Shame tells the story of Brandon (Michael Fassbender), a New York businessman with a dark and destructive secret. Brandon is dealing with a sexual addiction, and it’s literally consuming his life. He does have a handful of friends, but they seem to be more co-workers than actual friends. However, beyond those individuals, masturbation, watching pornography online (even at work), picking up ladies and paying ladies of the night seem to be Brandon’s entire life. He has no real connection with anyone despite his overflowing charm and being oh-so smooth with the ladies.
One day, Brandon arrives home to discover that his sister Sissy(Carey Mulligan), who has been trying to contact him for sometime, has come to stay with him. Sissy, a nightclub singer, has a troubled past as well. It appears that she’s a cutter and is more physically abusive to herself while her brother seems to be emotionally abusing himself.
After Brandon takes his boss to watch Sissy perform one night (a simple scene that completely summarizes the emotional tension of the film), Sissy ends up bringing his boss home and sleeping with him. While Brandon is in the other room, he decides it is best to go out for a run to keep himself from hearing what is going on in his bedroom. What else does he do to help himself deal with the situation? He has sex. This is his method for dealing with every situation. He craves sex the way an alcoholic craves booze. A drink a day doesn’t even come close to satisfying the urge. As the film progresses it appears that Brandon actually wants to be punished for his addiction. He seeks and provokes altercations, because the shame of it all is just to great. Is it a turning point? An optimist can’t help but to hope it is.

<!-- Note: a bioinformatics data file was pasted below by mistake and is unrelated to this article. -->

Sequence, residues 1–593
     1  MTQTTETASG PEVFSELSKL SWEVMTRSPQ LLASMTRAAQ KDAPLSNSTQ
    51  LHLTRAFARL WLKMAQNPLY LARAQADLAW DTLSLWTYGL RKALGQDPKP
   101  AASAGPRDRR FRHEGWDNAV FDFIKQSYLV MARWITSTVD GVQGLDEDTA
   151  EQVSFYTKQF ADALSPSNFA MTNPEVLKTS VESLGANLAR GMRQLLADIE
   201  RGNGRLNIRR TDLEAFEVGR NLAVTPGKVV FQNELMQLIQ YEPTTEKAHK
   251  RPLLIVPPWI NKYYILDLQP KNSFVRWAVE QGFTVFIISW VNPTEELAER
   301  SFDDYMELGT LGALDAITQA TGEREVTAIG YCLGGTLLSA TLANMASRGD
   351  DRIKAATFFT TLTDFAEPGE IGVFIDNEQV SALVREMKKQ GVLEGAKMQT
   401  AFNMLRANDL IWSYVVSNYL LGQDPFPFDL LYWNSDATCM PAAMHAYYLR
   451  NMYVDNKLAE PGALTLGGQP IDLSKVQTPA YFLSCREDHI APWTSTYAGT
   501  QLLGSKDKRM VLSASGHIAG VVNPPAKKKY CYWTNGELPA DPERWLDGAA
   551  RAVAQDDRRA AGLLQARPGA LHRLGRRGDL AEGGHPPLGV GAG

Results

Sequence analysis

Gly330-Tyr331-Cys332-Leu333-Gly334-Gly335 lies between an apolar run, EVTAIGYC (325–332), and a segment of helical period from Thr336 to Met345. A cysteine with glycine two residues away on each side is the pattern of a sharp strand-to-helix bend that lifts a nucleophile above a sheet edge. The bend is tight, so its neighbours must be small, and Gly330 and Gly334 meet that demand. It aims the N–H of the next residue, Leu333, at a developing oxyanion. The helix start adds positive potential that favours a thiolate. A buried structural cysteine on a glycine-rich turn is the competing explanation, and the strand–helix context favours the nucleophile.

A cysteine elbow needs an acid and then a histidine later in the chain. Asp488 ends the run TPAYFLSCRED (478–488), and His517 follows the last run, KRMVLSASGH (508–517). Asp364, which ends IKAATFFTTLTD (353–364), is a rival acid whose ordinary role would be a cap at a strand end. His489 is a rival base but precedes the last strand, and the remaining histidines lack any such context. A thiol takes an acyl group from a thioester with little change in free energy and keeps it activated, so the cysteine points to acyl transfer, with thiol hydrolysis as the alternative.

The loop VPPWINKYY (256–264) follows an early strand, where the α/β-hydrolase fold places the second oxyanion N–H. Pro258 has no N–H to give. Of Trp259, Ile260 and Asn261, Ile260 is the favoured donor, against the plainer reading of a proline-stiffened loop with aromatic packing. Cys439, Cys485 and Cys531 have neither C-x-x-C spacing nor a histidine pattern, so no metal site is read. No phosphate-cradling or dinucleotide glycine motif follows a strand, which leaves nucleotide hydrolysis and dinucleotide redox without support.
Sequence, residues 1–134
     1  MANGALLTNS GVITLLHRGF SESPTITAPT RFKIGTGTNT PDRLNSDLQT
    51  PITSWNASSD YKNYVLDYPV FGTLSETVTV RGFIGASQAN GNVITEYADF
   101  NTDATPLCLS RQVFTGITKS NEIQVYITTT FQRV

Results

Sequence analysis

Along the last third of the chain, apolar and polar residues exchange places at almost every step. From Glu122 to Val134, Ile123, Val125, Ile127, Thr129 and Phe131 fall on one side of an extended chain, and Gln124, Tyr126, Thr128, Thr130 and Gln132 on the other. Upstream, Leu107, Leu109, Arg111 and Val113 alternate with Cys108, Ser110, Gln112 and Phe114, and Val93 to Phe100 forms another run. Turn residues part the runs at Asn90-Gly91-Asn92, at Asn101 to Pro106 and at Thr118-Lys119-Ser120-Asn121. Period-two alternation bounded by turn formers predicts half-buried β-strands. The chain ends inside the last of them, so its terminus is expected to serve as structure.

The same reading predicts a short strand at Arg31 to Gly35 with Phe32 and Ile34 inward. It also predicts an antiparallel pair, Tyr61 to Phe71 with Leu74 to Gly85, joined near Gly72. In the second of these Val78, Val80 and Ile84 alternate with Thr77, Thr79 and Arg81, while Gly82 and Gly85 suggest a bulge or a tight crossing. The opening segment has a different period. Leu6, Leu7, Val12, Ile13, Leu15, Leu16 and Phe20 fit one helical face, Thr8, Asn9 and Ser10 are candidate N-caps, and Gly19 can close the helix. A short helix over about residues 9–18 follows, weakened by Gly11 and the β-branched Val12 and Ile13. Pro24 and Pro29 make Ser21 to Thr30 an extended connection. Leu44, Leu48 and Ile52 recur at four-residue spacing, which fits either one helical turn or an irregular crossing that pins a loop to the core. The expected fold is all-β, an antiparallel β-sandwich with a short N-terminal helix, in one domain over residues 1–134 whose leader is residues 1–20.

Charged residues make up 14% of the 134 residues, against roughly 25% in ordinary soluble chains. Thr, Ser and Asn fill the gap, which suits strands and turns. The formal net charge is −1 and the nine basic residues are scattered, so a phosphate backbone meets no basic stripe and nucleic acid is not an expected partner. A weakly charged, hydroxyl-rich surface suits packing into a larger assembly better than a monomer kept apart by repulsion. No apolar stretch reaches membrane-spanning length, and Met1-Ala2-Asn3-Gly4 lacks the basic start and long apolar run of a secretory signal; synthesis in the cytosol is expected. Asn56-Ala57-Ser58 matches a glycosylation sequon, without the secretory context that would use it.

“We’re not bad people, we just come from a bad place.” Sissy tells Brandon. This line of dialogue diverted my attention from the string of emotionally intense scenes and made me realize that we don’t know the backstory of either of these characters. Where exactly did they come from? That’s the #1 flaw of the movie in my opinion. We don’t have any idea how Brandon and Sissy actually ended up where they are. Looking back, there was multiple scenes that subtly referenced troubling incidents in the past without actually saying anything about them. Sissy was trying to bargain with a man on the phone at the beginning of the film and then tells her brother Brandon that she has no where else that she can go.. Yet, no details.
Despite the fact of whether or not I’m convinced that Shame truly knows the full story that it’s telling, it still remains a powerful work of art that is cinematically stunning and emotionally powerful. Without Fassbender and Mulligan, I doubt much of the film would have worked in the painfully illuminating way that it did.
Do beware that Shame has an NC-17 rating, and for good reason. The movie may be thought-provoking and deeply emotional, but it’s also very similar to a porno – if pornos actually had intelligent stories to tell. What’s truly amazing is that with all the nudity (expect to see all of Fassbender) and even more sex, there is nothing actually sexy about the film. It is a hard to watch, despite the sincerely remarkable performances by Fassbender and Mulligan.
The special features on the Blu-ray release provide a small amount of additional insight into what Steve McQueen was trying to accomplish with the film. There’s also a couple featurettes focusing on Fassbender, who did receive attention for this role last award season. It’s clear that he’s a name to watch.
All in all, expect a haunting tale that will leave you feeling a bit confused, not because the film doesn’t work – but because it works so well at psychologically messing with the characters that you’re not entirely sure what their fates will actually turn out to be.
Review By: Emma